Trentino’s Bloody Past – Part 1

This post is part of a two-part series, Trentino’s Bloody Past – Part 1 and Part 2.

Who out there doesn’t like blood, guts and gore?

If you’re at all familiar with European history, you’ll know it’s no stranger to violence and mayhem of the political-religious-clashing sort. Today, though, you see little of that. Which is why it was so surprising to learn that the part of Italy Jason and I called home for two years had once been a major battlefront.

The insistent pounding of the world wars left their mark. And it wasn’t pretty…

Trentino-Alto Adige/Südtirol (simply called “Trentino from here on out) lies far up north on Italy’s border with Austria. It’s famously known for the Dolomites, Alpine meadows, and high altitude adventure sports. If you’ve ever visited, you’ll know that the area has a decidedly more Austrian/German feel.

Cavareno, Val di Non (Trentino).
Cavareno, Val di Non (Trentino).

But this isn’t because the region is somehow trying to be different. Turns out, Trentino hasn’t always been a part of Italy.

Did you read that right? Yes you did.

Way back in 1918, back before the ubiquity of cars or women’s rights, back when smoking was still “good for what ails ya'”, WWI was winding down and, as a result, Trentino was incorporated into Italy. There were undoubtedly some guts/blood/gore there, but I won’t get into that.

Not yet, anyway.

Modern-day Trentino-Alto Adige/Südtirol is the region in RED.
Trentino-Alto Adige in Italy, author: TUBS, licensed under CC BY-SA 3.0.

News flash: before WWI, modern day Austria wasn’t a country yet, but instead was a part of the Austro-Hungarian Empire (which once spread from today’s Czech Republic to Romania). Today’s Trentino belonged to that same empire.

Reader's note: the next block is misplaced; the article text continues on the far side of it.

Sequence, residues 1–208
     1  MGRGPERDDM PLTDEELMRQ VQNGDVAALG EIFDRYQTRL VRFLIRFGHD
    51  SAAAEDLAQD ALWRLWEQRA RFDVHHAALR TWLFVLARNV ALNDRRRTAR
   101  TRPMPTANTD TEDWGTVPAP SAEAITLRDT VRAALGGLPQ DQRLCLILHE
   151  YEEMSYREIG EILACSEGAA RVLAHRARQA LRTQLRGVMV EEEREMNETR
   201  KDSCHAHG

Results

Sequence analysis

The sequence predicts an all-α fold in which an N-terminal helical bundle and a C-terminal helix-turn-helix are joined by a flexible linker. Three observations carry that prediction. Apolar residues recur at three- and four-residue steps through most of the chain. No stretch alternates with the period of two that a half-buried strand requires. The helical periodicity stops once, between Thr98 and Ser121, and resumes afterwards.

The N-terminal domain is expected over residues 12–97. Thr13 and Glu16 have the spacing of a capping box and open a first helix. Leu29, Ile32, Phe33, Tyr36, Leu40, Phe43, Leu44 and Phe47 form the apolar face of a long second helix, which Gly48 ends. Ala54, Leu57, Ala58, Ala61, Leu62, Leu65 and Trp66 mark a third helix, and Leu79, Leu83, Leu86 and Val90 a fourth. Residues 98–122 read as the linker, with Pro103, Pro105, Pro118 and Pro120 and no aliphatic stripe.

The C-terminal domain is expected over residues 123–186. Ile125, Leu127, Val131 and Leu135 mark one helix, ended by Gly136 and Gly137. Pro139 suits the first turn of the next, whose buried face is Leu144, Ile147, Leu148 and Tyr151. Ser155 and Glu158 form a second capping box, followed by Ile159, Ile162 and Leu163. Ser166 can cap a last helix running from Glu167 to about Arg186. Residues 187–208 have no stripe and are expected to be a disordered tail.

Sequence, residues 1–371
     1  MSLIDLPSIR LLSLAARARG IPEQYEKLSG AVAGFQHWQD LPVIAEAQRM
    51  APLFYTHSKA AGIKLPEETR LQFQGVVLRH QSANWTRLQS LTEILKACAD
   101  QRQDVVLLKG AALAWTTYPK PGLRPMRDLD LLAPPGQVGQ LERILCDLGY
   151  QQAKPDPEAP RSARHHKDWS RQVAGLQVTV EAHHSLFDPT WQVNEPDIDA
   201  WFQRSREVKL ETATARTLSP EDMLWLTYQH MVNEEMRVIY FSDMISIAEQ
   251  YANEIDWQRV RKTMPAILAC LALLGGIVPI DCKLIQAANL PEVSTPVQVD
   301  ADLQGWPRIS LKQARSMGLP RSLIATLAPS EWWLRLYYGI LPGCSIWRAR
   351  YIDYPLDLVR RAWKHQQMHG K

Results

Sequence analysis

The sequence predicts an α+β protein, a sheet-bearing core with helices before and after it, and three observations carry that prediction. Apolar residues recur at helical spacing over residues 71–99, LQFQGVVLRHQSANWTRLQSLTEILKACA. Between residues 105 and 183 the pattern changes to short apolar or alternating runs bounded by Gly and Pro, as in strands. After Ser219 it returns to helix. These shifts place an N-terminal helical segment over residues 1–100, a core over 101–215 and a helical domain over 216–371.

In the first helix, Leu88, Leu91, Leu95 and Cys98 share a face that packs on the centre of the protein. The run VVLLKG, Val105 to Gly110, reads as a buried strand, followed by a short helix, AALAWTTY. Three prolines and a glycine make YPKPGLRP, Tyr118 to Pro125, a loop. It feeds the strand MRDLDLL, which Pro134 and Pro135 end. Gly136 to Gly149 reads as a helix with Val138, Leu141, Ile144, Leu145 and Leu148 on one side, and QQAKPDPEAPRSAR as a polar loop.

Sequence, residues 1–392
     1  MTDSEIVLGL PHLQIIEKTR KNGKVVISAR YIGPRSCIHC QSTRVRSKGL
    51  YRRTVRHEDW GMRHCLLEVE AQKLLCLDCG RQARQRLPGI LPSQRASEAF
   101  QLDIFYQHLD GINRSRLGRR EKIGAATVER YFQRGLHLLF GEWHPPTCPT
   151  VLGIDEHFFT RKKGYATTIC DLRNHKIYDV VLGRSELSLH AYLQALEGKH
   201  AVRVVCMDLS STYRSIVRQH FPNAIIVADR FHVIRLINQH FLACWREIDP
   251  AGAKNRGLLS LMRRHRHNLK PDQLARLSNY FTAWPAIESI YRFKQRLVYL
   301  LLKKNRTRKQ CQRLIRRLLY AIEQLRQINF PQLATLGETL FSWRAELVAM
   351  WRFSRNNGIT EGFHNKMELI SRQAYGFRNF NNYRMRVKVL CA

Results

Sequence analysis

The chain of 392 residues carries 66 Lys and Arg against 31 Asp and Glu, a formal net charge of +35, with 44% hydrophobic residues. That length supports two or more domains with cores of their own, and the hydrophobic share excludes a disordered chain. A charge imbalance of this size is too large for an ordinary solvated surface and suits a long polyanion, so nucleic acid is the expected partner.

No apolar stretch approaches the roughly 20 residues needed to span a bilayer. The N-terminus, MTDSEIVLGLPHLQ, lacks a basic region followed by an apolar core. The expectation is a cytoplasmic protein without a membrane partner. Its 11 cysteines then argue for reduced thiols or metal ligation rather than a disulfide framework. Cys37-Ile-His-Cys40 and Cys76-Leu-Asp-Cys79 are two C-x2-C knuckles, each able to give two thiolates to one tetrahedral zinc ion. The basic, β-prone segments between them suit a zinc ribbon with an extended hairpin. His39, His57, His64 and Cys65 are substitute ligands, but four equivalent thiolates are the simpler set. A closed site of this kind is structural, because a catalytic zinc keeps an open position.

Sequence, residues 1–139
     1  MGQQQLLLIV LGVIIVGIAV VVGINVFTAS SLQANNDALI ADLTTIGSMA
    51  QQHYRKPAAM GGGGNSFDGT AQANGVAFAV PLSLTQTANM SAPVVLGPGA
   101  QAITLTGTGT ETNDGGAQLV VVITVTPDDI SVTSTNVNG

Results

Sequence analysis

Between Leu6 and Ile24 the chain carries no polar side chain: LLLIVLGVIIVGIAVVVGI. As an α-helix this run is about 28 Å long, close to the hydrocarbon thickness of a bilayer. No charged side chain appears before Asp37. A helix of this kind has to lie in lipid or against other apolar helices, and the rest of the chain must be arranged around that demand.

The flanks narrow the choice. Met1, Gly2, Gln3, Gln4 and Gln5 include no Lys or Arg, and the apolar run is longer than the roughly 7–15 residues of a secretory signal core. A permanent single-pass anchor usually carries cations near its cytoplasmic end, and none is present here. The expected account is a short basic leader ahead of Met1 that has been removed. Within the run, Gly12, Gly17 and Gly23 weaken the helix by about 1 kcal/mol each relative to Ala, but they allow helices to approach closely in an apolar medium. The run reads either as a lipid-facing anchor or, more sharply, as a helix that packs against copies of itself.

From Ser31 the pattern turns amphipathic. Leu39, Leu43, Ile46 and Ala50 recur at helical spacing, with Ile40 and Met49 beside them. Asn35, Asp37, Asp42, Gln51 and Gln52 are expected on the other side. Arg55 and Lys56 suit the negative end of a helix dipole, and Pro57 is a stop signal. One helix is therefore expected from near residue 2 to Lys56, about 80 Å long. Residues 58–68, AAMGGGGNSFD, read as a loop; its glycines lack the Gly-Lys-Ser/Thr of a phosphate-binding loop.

As you can see in the map below, many of today’s countries were not yet in existence, or had different borders all together. In fact, there were four major European empires prior to WWI (note how Italy is missing a big chunk of land on its northeast border).

Map of European borders, 1914
FR-WW1-1914, author: Exec, licensed under CC BY-SA 3.0.

Here’s Europe after the war, when the lines were redrawn:

FR-WW1-1920-lg
FR-WW1-1920, author: Exec, licensed under CC BY-SA 3.0.

What the map explains is the proliferation of Tyrolean architecture and language in Trentino, and the admittedly less Italian food (what can I say…I’m biased). Trentino was Austro-Hungarian long before it was Italian. In fact, when you do the math, Trentino has been Italian for less than 100 years. You heard it here, folks—even the telephone has been around longer than that.

Built in 1716, you can see the typical Tyrolean-style architecture (Molosco, Val di Non)
Built in 1716, you can see the typical Tyrolean-style architecture (Molosco, Val di Non)

Built in 1716, you can see the typical Tyrolean-style architecture (Molosco, Val di Non)

Makes sense why the culture is the way it is. Makes sense why people in this area still call anywhere south of Trentino: “laggiù in Italia” (down there in Italy).

After all, Trentino is an autonomous region: it doesn’t send its taxes to Rome, and any regional disputes are solved through The International Court of Justice in the Hague (also not in Rome). Which makes Trentino both a part of Italy, and…not a part of Italy???

We’re all confused, by now.

As for the blood/guts/gore part of the story, I will say this about WWI: it was a disaster-mess. All I could recall from my high school days was that Russia was somehow involved and Ernest Hemingway drove an ambulance on the fronts in Italy (go read A Farewell to Arms, ya’ll).

EH 2723P Milan, 1918 Ernest Hemingway, American Red Cross volunteer. Portrait by Ermeni Studios, Milan, Italy. Please credit "Ernest Hemingway Photograph Collection, John F. Kennedy Presidential Library and Museum, Boston".
Ernest Hemingway in Milan, 1918. Portrait by Ermeni Studios, Milan. Photo credit: Ernest Hemingway Photograph Collection, John F. Kennedy Presidential Library and Museum, Boston.

So, for all the other historically-oblivious out there, I’ve put together a quick WWI synopsis to help highlight what the war was all about: the follow-up post, Trentino’s Bloody Past – Part 2, will tell you how Germany got greedy and multiple empires crumbled in one of the bloodiest wars on earth. So, read on!

 

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